Argentine leader say new IMF deal must not jeopardize economic recovery

BUENOS AIRES, Sept 22 (Reuters) – Argentina will repay the money it owes to the International Monetary Fund under new terms to be negotiated in upcoming talks, but will not agree to terms that jeopardize its economic recovery, President Alberto Fernandez said on Tuesday.

The government, faced with a recession exacerbated by the COVID-19 pandemic, is about to negotiate new terms for repaying about $44 billion it owes to the fund from a 2018 deal agreed under previous President Mauricio Macri.

Macri signed a $57 billion standby lending agreement with the fund in a failed bid to stabilize the peso currency. Fernandez called that deal unsustainable after being elected last year and vowed to negotiate new repayment terms.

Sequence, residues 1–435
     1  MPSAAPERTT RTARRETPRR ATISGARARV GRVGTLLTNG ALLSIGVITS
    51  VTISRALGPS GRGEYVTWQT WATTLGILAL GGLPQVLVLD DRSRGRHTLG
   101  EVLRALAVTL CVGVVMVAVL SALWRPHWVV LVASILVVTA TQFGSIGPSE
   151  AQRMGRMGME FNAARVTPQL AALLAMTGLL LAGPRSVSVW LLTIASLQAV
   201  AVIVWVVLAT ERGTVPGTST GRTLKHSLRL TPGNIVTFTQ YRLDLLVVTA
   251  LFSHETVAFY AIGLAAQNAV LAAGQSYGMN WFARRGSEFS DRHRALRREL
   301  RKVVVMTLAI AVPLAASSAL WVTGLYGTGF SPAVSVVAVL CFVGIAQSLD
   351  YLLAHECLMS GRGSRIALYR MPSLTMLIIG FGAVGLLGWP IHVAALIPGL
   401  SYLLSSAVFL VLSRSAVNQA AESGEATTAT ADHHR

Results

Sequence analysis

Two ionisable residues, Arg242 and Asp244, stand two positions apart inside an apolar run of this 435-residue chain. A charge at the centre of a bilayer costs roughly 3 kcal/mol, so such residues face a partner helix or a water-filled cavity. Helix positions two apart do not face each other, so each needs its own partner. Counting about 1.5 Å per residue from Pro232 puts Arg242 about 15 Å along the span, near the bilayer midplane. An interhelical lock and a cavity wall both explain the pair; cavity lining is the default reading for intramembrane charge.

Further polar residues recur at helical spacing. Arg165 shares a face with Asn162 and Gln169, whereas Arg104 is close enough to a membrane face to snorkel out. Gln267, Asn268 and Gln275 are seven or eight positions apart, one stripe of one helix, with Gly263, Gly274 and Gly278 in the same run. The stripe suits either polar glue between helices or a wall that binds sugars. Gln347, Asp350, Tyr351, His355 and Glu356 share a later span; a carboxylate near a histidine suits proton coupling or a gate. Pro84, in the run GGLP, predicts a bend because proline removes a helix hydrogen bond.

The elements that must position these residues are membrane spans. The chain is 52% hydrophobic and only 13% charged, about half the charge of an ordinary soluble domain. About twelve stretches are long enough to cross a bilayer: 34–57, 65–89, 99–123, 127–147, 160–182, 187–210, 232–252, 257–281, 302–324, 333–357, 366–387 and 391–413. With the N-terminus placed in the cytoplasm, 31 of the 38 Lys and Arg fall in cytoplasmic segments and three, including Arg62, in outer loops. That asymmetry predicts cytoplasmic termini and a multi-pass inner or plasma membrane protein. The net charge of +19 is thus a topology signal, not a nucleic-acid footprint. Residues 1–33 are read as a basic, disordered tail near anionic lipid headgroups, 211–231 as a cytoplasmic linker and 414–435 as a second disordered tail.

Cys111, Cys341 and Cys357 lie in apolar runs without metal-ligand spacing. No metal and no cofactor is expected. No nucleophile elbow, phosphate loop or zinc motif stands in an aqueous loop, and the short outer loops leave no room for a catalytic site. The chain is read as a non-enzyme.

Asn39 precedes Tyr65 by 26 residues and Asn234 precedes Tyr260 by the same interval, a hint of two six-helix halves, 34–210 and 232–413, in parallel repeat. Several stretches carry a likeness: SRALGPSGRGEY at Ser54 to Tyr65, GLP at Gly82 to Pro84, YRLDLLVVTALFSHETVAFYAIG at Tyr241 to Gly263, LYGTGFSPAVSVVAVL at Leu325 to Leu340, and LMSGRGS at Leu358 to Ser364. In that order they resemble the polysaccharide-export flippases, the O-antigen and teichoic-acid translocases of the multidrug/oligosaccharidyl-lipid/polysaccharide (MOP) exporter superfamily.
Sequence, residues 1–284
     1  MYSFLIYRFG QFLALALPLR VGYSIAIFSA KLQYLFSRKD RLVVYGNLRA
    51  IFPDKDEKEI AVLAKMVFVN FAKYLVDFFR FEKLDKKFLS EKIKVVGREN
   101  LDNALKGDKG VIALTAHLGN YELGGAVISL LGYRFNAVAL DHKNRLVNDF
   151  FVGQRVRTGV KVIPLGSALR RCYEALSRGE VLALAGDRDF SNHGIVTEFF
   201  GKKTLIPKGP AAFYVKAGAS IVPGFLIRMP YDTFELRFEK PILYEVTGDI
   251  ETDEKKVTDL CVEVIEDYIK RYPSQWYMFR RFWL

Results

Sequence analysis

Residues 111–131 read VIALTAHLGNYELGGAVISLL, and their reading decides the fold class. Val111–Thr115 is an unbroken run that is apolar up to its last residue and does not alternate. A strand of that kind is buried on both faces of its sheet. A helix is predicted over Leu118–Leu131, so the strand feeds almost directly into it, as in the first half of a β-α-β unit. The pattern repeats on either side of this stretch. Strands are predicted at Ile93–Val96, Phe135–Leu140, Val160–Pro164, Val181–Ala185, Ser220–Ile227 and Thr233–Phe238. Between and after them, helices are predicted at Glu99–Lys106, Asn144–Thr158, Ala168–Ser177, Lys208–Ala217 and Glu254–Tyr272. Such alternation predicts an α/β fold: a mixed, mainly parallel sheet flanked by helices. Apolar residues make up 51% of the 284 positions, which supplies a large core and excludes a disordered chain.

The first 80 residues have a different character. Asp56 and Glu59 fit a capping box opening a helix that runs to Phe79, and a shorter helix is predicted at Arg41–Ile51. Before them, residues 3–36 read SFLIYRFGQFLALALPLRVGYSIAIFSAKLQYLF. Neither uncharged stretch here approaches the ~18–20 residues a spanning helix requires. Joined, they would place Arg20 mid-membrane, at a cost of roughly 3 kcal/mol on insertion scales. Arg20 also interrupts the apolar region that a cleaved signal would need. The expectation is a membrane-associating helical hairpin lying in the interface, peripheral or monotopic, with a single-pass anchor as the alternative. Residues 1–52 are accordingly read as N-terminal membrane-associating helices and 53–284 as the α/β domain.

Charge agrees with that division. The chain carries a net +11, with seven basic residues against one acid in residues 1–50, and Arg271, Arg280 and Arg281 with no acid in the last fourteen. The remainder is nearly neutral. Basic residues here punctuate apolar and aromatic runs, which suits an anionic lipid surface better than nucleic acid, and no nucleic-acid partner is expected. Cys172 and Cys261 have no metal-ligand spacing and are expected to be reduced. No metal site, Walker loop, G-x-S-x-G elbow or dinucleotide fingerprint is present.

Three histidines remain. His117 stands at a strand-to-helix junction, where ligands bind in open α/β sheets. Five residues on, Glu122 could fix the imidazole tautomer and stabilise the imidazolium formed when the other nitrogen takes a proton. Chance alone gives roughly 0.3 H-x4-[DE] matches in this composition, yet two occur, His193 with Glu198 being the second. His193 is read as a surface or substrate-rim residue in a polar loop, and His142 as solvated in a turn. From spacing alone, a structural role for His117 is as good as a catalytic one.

Addressing the General Assembly of the United Nations via video, the center-left Peronist leader said “the negotiations with the IMF will be approached in a responsible manner, being respectful of the commitments made.”

Any agreement with the IMF should avoid “putting at risk the conditions that allow economic reactivation and the construction of an inclusive and sustainable development path.”

Argentina’s economy contracted a record 19.1% in the second quarter versus the same period a year earlier.

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